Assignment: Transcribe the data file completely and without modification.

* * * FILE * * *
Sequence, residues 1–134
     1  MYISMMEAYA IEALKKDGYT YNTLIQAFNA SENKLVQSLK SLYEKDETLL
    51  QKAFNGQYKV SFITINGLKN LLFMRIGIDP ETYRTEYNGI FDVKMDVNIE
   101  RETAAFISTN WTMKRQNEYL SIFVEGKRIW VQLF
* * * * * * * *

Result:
Sequence, residues 1–134
     1  MYISMMEAYA IEALKKDGYT YNTLIQAFNA SENKLVQSLK SLYEKDETLL
    51  QKAFNGQYKV SFITINGLKN LLFMRIGIDP ETYRTEYNGI FDVKMDVNIE
   101  RETAAFISTN WTMKRQNEYL SIFVEGKRIW VQLF